Cotton is one of the key raw materials used in the manufacturing of apparel products. Cotton prices peaked at around $2.30 per pound in March 2011, on account of drought in major cotton producing areas of China coupled with export restrictions in India and flood conditions in Pakistan. Since then, cotton prices have declined and they were recorded at around $0.80-0.90 per pound in March 2013.

We expect the upside in cotton prices to be limited in the near term, owing to high global inventories and lower consumption of cotton, and this factor is expected to bode favorably for Under Armour’s input costs. [2]

Under Armour Has The Capacity To Raise Prices To Offset Increasing Input Costs

With its HeatGear, ColdGear and AllSeasonGear product lines, Under Armour is positioned as the market leader in the performance apparel market and it commands a superior brand image in the market. We think that Under Armour can leverage its brand recognition and innovative product portfolio to raise prices and offset any moderate increase in input costs.

Factors That Could Lead To A Decrease In Gross Margin

Increasing Labor Costs

Under Armour outsources its manufacturing operations to factories located across the world. In 2012, its products were produced by 27 manufacturers located across 14 countries. Asia accounted for the largest proportion of products manufactured with 53% share followed by Central and South America (19%), Middle East (18%) and Mexico (8%).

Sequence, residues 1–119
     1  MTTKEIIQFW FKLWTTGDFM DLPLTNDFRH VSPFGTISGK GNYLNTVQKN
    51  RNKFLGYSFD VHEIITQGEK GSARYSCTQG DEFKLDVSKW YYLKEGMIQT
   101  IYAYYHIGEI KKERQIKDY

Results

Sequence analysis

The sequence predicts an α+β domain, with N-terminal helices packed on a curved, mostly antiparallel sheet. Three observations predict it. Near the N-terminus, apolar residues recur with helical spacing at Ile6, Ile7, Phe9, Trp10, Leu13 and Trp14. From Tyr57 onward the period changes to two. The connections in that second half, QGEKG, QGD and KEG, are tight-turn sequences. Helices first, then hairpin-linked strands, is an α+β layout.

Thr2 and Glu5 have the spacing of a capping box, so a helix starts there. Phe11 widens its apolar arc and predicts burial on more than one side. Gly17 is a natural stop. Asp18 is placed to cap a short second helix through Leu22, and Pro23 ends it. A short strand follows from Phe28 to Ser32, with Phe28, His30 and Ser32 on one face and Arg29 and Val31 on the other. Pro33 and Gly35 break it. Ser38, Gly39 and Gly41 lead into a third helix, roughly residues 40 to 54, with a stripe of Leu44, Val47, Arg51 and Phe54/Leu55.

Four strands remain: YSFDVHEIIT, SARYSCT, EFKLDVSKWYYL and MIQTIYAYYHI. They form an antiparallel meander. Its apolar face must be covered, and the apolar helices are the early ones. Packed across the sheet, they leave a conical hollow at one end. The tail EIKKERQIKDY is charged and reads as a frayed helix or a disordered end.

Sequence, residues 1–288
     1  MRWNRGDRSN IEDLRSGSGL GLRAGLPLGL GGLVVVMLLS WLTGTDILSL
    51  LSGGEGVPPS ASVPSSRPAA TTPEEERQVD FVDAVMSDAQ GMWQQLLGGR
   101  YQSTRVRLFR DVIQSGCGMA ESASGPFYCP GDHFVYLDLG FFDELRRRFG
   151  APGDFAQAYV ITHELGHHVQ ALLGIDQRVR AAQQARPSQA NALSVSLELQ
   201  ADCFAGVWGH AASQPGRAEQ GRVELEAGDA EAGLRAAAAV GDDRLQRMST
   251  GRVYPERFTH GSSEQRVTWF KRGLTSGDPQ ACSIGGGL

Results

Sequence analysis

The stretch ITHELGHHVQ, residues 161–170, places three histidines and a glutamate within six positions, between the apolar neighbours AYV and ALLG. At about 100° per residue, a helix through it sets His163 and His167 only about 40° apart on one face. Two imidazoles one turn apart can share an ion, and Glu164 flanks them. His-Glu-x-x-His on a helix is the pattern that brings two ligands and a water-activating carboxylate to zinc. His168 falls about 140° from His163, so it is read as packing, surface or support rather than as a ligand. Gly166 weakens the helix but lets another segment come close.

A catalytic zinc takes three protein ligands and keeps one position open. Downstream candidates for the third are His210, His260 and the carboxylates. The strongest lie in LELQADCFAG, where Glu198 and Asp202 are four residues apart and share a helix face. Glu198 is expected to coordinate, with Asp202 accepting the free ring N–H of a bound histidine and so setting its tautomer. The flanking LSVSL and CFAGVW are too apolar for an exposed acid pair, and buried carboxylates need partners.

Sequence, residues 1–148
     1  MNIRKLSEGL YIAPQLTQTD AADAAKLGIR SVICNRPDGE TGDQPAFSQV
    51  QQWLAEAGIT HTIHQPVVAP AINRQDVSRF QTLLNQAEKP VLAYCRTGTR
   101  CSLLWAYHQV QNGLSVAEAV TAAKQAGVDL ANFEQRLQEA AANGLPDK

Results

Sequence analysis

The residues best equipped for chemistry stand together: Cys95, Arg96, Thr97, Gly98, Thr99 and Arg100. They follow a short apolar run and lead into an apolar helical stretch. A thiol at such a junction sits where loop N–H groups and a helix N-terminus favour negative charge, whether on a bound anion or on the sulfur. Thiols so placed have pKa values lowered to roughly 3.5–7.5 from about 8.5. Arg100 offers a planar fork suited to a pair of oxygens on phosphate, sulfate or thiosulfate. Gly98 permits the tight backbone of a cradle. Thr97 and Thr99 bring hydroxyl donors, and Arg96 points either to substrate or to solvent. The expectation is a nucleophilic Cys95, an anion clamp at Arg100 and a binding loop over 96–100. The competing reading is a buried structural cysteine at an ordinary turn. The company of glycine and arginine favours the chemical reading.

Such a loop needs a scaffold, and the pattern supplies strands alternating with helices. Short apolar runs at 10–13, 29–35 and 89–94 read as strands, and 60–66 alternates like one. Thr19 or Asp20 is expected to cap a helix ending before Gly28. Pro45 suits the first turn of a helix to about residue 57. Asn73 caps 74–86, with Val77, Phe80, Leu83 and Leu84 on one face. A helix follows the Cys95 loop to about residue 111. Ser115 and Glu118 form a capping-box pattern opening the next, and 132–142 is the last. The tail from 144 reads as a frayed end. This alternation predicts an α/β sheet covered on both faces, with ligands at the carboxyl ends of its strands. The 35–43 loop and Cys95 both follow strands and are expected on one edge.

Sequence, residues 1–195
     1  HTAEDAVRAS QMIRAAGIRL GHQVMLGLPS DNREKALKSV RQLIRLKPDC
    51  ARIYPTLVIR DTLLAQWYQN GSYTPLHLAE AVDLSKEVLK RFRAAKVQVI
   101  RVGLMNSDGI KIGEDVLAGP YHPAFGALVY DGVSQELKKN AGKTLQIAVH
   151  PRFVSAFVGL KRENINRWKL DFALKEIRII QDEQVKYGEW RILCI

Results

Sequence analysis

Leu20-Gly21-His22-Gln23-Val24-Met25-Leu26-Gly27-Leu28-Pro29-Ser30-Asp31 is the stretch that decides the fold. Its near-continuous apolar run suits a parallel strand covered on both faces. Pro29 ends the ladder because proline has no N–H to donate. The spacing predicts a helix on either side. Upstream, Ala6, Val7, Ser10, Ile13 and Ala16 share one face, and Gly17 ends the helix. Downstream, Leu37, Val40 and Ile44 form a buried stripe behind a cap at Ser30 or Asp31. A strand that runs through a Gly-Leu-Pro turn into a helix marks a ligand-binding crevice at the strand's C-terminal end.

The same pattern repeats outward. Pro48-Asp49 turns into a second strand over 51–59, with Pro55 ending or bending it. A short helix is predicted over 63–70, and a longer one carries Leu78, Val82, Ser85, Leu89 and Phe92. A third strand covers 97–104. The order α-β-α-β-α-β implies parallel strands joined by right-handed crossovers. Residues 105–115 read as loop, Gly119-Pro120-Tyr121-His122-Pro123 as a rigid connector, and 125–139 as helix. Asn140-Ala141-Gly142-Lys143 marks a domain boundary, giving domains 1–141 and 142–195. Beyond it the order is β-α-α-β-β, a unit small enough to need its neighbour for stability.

Rising labor costs in Asia, particularly in China, could lead to higher input costs for Under Armour. Labor costs have been increasing at double-digit rates in China over the past few years. [3] Any increase in input costs that Under Armour is not able to offset with price increases will affect its gross margin negatively.

Increase In Oil Prices

Fabrics used in Under Amour’s products are manufactured using various raw materials including petroleum-based products. Hence, Under Armour’s product costs could be influenced by the long term pricing trends of oil. Inbound and outbound freight costs which are included in Under Armour’s costs of goods sold, are also affected by oil prices. Significant rise in oil prices could hurt Under Armour’s gross margins, as the company may not be able to pass on these incremental costs to consumers completely.

Rising Competition In The Performance Apparel Market

While Under Armour is positioned as the market leader in the performance apparel market, the competition is growing within this segment from bigger players such as Nike and Adidas. Increasing competition in the market could deter Under Armour from raising its prices aggressively in the future.

We have a near $50 price estimate, which is just ahead of the market price.

Notes:
  1. Under Armour Management Discusses Q4 2012 Results – Earnings Call Transcript, Seeking Alpha, January 31, 2013 []
  2. Cotton prices – will they fall further in 2013?, BlackSeaGrain, January 4, 2013 []
  3. Exodus from China to Southeast Asia, The Korea Times, March 10, 2013 []